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Go to the 124th Mummers Parade

At 9am on January 1, 2024 New Year’s Day — the 124th Mummers Parade makes its way from 17th and Market streets to City Hall, then turns south on Broad Street to Washington Avenue. The Fancies start the parade off, and it always seems to go all day. It’s free to watch anywhere along the route, with $25 tickets are available for bleacher seating.

As for TV watching, well, it’s not on ye olde Fox 29 anymore, so you’ll have to tune in on WDPN-TV (MeTV2), WDPN-TV, Firestick, Roku, Apple TV, iOS or an Android device.




To this story in CitizenCast

Just one club of the Fancy Division remains. Lauren shines a spotlight in this audio edition.

And go here for more audio articles from CitizenCast.

The Last of the Fancies

The Mummers Parade started with Fancy Divisions. Only one such club remains. Their plan to survive: inclusiveness.

The Last of the Fancies

The Mummers Parade started with Fancy Divisions. Only one such club remains. Their plan to survive: inclusiveness.

One and a half million people live in Philadelphia. Approximately 10,000 of us, according to Visit Philly, are Mummers. Of those 10,000 Mummers, fewer than 150 walk down Broad Street in the Fancy Division, and all 150 are members of the last remaining such Fancy Club, Golden Sunrise. Founded in 1960, Pennsport-based Golden Sunrise is determined to survive — by opening their clubhouse doors to anyone who’d like to join.

Suits hang in the bar side of the clubhouse, ready for New Year’s Day.

The endangered Fancy Mummer

Working on a Jimmy Buffett-theme suit.

Fancy Clubs have been part of the Mummers Parade since 1901, when most folks say the event officially kicked off. These clubs are known for — and judged by — their exceedingly elaborate, exceedingly heavy costumes (sorry: suits), which they show off, peacocks-set-to-music-style outside City Hall, before pulling or full-on carrying them from Market to Washington (and often from there to Two Street) as the parade’s first performers on New Year’s Day.

Marching the parade route is what makes Golden Sunrise a Fancy Division, not a Fancy Brigade. Please don’t confuse the two.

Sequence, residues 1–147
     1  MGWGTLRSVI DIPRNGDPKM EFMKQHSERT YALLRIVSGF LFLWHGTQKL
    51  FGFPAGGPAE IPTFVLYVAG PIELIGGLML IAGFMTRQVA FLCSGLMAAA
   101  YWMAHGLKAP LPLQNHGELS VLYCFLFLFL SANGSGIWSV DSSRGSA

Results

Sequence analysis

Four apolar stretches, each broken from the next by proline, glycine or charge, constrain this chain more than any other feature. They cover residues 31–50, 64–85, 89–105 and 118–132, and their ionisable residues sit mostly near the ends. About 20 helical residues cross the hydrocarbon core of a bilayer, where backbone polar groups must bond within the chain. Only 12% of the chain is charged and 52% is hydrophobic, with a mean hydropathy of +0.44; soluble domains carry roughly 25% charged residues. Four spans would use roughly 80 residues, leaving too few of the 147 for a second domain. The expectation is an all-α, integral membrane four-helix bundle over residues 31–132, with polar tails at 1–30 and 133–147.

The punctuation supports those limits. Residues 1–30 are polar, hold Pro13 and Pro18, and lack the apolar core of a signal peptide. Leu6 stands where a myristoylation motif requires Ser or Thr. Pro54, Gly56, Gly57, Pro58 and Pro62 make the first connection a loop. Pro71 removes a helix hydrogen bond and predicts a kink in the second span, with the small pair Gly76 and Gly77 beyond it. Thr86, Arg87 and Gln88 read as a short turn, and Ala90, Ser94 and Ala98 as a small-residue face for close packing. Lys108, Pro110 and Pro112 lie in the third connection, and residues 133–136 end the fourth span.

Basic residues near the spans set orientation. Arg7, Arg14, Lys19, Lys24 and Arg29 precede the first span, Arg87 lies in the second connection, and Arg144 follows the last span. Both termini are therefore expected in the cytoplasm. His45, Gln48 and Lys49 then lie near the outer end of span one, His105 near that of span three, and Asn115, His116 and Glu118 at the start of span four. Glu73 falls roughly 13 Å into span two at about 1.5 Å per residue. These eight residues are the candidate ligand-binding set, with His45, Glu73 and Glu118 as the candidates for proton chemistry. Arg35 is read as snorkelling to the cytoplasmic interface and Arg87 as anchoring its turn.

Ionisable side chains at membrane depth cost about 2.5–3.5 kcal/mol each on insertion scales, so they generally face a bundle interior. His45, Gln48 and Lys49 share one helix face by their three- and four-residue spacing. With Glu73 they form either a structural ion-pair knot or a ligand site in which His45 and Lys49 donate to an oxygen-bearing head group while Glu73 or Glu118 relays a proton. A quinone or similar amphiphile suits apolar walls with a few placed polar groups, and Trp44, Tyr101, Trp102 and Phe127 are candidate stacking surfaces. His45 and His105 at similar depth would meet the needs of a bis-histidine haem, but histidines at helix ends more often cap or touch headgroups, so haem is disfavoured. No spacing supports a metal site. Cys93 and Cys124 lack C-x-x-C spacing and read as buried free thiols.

The New Year’s Day parade lineup.

Fancy Brigades perform indoors on New Year’s Day at the PA Convention Center. Brigades — Shooting Stars, Satin Slipper, Saturnalian, Jokers — are more Broadway (community dance theater?) than walkers. They also charge for their performances. Unlike the other Mummers divisions, Fancy Brigades avoid the parade route altogether, eliminating an essential rite of passage for every other Mummer, from serious string bandmate to drunken wench. That rite of passage is Broad Street.

Golden Sunrise suits in storage.

Maybe the long walk with a 250-pound getup in tow is what has caused the erosion of the Fancies. Maybe it’s the months of work that goes into each suit. Every Sunday, you’ll find members of Golden Sunrise hammering, measuring, hot gluing — lots of hot gluing — plywood, metal bits, iridescent fabrics and sequins in an old, slightly leaky former slaughterhouse in South Philly. (Cue the Rocky scene, if you must).

Mummers costumes hang in the Golden Sunrise Fancy Division’s clubhouse, where part of the building used to be a slaughterhouse on Sunday, Dec. 10, 2023.
Suits, in an old slaughterhouse.
A former butcher’s hook holds a Golden Sunrise fancy suit.

The last club to leave the Fancies was Hog Island. They joined the Comics Division. Before them, Oregon converted to Wenches. (Maybe it wasn’t the pre-parade work that made these clubs switch. Maybe it was the fact that you can’t be drinking a 12-pack of Miller Lite while carrying a giant harlequin head over two miles of city streets.)